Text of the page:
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Normally my column consists of a review of a restaurant and overviews of restaurants serving similar cuisine. But, when a restaurant wins the title of “Best New Restaurant” in a nationwide competition, I think it’s earned the right to stand in the spotlight all alone.

Last spring Bravo aired a series in which 16 restaurants competed for the title “Best New Restaurant.” In a series of tests, each restaurant was judged on both food and service as an all-around experience. In the end, South Beach's Dolce Italian faced off against New York City's L'Apicio and emerged victorious.

John Meadow, owner of LDV, which operates Dolce Italian said, "What was so special about the premise of the show is that, unlike the vast majority of television shows and media awareness centered solely around the chefs of restaurants, “Best New Restaurant” showcases the human reality that the restaurant business really is a group effort. We couldn't be more proud of our team.”

I decided to give Dolce a little time to bask in the glory of the win (and for all the hubbub to die down) before trekking down to South Beach to check it out. When we first arrived, there was a little bit of confusion about our reservation, and I thought it didn’t bode well. However, the staff couldn’t have been nicer and we ended up being seated quickly. It was time to settle in and see if Dolce lived up to its title.

Not only does Dolce deserve the title, but it far exceeded my expectations. A lot of that is due to our personable and efficient waiter Ennio. For many European waiters, service is not a job, it is a profession. In Ennio’s case, it is a calling. I have never felt more pampered, even in restaurants costing five times as much.

That’s another surprise about Dolce. Given its location, the high level of service and impeccable décor and furnishings, you’d think that you’d be paying a lot more. By ordering wisely, you can easily enjoy a three-course meal with a glass of wine for around $50. Now, that’s not a cheap meal, but it is a bargain given the quality of the food and service.

For our first course, my hubby raved about his corn and crab soup. I tasted it and it was delicious, but even it paled in comparison with my choice, grilled octopus. Octopus is a true test of the chef’s talent. Cook it a few seconds too long and it is rubbery. At Dolce they poach the octopus the night before and let it rest overnight, then they grill it to order. This results in flesh that is as soft as a marshmallow and bursting with flavor. It is served on a bed of chickpeas and farro, then splashed with pistachio vinaigrette. It is quite simply the best preparation of this dish that I’ve ever experienced. Even if you don’t think you’d like octopus, I urge you to try this. You’ll be hooked (and spoiled-you’ll never get it prepared as well anywhere else).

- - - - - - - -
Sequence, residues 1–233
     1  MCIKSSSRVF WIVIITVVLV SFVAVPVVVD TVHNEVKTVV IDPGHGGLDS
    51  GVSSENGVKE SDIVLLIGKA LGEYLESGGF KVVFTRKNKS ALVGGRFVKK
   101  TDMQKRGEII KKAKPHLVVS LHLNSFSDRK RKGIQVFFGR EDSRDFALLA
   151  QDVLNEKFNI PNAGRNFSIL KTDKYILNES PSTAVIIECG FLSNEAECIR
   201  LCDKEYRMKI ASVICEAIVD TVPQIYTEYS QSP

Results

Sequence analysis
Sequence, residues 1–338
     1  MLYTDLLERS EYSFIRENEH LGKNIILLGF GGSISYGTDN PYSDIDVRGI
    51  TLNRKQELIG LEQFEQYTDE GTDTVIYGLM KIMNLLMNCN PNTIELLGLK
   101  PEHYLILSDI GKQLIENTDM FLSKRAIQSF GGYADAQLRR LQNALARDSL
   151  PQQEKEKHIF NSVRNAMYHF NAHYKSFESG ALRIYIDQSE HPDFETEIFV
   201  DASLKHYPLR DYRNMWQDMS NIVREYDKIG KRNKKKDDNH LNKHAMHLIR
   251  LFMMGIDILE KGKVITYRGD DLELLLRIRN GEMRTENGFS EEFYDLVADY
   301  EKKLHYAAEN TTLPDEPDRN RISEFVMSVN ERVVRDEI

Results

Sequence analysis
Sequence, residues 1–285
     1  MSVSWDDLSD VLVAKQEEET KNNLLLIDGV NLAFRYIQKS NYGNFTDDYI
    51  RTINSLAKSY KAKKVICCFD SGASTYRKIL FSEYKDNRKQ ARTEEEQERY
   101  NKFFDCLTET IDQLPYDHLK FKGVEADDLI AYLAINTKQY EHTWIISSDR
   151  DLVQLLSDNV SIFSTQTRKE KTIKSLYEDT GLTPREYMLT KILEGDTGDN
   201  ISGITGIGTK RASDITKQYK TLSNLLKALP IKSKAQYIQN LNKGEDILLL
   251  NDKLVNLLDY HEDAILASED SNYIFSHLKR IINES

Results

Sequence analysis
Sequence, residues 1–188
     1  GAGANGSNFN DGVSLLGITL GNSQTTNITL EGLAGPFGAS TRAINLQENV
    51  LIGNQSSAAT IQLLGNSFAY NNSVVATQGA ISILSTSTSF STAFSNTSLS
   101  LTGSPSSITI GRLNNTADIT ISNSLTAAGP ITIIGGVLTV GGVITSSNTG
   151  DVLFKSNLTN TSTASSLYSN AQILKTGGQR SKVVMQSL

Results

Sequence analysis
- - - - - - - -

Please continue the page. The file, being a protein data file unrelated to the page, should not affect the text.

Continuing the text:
We decided to split a salad and a pasta dish for two separate courses. The Caprese salad is a house specialty, and it is a delight. House-made mozzarella fairly oozes onto tasty heirloom tomatoes and basil, then splashed with an aged balsamic syrup and olive oil. We also split the lobster ravioli, which proved to be the sole disappointment of the night. The sauce was delightful and featured sizeable pieces of lobster meat along with shitake mushrooms, but the pasta filling was bland and the pasta itself was thick and chewy; more like a pierogi than a raviolo.

Our entrees restored the luster of Dolce. My husband’s pan seared Skuna Bay salmon was perfectly prepared. It was accompanied by roasted fennel, asparagus and olives. My veal Milanese, presented as an entire butterflied bone-in chop, had a perfectly crisp exterior, which encased buttery soft flesh. Either entrée could have easily been split by all but those with the heartiest appetites.

The selection of wines by the glass is small, but very well chosen (though a tad high-priced.) However, many full bottles are very reasonably priced, so if you’re going to have more than two glasses at the table, order a bottle. The desserts were quite nice, but neither the tira misu nor the gelato blew us away. To be fair, it may well be that we were sated and only ordered dessert so I could report back to you. Oh, how I sacrifice for my readers!

If you want to save even more money, stop by for lunch where all entrees sandwiches and pizzas are less than $20 or check out the happy hour offerings; a number of wines are available for $8 a glass, cocktail are the same price and draft beer is $4. Appetizers are also $8 and include; broccoli rabe with sausage, frito misto, meatballs on polenta, tuna tartare and gnocchi with tomato sauce.

Dolce Italian
1690 Collins Ave.
Miami Beach